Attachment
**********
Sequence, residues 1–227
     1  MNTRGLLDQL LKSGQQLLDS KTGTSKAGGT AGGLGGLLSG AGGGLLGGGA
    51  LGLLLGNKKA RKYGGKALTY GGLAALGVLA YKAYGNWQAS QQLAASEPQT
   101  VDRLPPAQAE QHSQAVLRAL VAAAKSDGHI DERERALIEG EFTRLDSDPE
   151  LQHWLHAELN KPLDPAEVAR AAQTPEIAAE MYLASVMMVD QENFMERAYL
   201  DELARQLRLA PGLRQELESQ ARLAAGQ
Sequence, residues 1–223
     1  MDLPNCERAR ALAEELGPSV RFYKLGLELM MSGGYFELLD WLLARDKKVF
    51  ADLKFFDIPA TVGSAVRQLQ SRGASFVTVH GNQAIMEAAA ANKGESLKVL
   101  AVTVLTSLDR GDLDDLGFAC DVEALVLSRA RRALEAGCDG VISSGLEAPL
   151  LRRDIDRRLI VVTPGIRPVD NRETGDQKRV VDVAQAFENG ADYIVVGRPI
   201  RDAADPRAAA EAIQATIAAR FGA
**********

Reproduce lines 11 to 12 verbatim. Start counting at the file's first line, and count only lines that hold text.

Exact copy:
   151  LRRDIDRRLI VVTPGIRPVD NRETGDQKRV VDVAQAFENG ADYIVVGRPI
   201  RDAADPRAAA EAIQATIAAR FGA